Modern implement sheds house tractors, motorbikes, trucks and other machinery. They are long buildings, usually closed in on three sides, consisting of a series of bays.
Sometimes the last bay is closed in completely, and has a raised floor and an external ramp, the height of a truck deck. This bay is used to store chemicals, bags of seed and fertiliser, and other items that need to be locked away or kept out of the weather.
Often one bay is used as a workshop. It usually has a concrete floor and a wide doorway, and is used to store the farmer’s tools, including welding equipment, drill presses and electric saws for engineering and carpentry jobs.
Modern regulations demand that killing stock on farms must be done in dog-proof facilities to prevent the spread of hydatids and other diseases. Modern killing sheds are often round concrete tanks, with a concrete floor sloping towards a drain that leads to a covered sump. They have small gauze-covered windows in the wall and door to allow air to flow through.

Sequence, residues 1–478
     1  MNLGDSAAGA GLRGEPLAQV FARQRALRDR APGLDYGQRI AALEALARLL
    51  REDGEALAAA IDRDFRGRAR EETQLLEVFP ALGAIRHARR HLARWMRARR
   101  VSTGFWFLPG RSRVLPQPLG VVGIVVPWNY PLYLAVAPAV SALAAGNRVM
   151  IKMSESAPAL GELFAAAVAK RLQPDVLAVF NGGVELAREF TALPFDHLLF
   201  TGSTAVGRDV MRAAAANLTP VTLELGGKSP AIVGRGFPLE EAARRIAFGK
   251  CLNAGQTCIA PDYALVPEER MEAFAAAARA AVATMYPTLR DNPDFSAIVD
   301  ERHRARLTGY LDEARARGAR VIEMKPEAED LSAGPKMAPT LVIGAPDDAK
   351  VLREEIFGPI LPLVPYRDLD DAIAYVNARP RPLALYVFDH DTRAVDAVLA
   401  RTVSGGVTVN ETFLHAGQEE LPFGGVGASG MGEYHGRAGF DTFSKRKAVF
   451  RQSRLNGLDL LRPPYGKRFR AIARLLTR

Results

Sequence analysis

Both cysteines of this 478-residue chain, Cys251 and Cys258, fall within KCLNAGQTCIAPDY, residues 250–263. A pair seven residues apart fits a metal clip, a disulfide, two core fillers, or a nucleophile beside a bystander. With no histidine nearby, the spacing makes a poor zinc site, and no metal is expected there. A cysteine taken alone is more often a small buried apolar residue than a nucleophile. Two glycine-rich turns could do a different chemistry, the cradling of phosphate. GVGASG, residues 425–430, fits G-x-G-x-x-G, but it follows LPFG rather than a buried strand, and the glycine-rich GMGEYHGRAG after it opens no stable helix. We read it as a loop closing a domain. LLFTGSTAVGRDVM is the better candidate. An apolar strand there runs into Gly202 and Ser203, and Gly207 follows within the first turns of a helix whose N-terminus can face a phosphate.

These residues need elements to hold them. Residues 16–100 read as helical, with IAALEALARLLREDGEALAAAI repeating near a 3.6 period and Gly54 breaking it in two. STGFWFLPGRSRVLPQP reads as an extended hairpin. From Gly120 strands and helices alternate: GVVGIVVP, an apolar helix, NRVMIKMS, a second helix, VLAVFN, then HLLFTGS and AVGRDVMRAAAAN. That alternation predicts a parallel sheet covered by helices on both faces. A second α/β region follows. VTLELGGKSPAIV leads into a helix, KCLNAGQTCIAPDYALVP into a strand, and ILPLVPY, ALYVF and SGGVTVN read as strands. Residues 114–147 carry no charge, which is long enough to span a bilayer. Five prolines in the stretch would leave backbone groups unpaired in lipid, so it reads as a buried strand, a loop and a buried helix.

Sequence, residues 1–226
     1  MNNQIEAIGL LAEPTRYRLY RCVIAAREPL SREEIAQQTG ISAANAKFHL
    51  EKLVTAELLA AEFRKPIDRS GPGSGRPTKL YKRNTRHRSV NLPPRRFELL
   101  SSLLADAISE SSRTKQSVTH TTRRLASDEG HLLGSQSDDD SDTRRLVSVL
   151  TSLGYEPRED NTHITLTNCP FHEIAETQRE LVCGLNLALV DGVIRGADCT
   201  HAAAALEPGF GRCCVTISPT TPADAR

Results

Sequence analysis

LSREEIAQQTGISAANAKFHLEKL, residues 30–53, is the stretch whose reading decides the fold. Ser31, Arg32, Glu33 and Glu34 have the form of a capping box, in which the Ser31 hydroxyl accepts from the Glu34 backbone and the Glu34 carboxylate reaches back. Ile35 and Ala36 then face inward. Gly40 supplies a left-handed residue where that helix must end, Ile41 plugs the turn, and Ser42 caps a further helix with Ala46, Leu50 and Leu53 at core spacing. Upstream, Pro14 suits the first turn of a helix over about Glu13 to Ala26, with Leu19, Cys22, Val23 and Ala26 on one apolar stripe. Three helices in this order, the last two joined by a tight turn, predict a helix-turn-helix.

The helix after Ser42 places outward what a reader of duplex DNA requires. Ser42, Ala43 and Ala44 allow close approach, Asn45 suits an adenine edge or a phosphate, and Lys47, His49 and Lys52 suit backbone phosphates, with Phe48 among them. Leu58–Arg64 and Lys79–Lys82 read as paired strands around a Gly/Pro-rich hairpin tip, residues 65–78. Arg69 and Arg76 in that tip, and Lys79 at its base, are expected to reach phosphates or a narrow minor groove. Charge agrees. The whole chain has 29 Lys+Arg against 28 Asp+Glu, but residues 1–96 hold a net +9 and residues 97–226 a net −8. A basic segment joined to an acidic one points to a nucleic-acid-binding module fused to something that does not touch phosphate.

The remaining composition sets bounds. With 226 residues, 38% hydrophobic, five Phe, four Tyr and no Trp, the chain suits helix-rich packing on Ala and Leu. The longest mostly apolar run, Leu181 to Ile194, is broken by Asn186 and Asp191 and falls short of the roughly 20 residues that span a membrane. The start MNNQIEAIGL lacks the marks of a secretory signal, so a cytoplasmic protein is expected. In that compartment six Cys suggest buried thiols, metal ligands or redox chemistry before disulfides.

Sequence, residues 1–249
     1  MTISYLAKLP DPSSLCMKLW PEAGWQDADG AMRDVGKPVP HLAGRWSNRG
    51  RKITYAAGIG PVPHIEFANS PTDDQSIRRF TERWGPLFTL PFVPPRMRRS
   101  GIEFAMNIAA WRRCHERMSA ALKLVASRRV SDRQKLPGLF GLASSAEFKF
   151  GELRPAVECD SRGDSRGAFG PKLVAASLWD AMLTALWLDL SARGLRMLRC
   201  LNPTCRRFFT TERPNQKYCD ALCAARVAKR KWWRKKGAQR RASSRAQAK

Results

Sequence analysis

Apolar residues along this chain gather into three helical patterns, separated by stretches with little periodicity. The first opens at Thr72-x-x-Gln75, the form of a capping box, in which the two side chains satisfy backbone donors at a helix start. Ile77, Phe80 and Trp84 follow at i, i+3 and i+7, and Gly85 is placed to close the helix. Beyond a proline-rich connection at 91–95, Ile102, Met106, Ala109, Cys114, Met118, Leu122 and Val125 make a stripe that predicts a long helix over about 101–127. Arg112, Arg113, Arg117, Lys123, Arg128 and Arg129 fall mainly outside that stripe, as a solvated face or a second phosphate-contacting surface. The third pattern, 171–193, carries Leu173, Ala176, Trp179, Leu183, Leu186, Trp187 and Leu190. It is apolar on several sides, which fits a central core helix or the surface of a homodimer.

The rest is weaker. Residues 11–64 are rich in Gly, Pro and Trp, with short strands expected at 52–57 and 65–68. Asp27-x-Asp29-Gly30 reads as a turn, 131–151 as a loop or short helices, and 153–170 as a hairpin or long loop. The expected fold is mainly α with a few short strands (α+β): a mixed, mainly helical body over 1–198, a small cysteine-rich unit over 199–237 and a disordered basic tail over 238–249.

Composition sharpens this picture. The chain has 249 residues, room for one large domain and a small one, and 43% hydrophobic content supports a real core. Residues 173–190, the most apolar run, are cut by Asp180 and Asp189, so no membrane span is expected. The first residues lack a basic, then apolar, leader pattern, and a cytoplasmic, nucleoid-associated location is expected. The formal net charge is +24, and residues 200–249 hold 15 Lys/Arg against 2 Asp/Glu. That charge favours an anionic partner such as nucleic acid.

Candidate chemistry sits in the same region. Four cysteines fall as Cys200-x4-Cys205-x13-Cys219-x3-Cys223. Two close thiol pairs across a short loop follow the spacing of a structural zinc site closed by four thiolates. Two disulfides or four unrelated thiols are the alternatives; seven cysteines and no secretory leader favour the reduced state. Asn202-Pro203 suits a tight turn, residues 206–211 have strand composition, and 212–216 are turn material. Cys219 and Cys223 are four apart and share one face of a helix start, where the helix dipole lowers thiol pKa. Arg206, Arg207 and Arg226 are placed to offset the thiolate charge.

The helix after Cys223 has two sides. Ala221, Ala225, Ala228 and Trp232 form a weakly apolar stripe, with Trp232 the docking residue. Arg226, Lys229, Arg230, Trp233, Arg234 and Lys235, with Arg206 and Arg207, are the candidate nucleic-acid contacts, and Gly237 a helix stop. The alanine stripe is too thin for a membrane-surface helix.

Some hill-country farms have their own airstrip for topdressing aircraft, often with a bin at the strip to hold superphosphate fertiliser. This is a large low-set concrete bunker, with a corrugated-iron cover set on railway irons so it can slide back to allow access to the concrete pad for loading and unloading fertiliser.
On dairy farms in wet regions, cows increasingly spend the winter on concrete or shingled wintering pads, feeding on silage and hay in troughs. In the 2000s, it has become common to have a roof over the pad, and sometimes to close in the side facing the prevailing wind. Wintering pads save waterlogged pasture from being trampled, and prevent the cows getting foot problems from wet ground.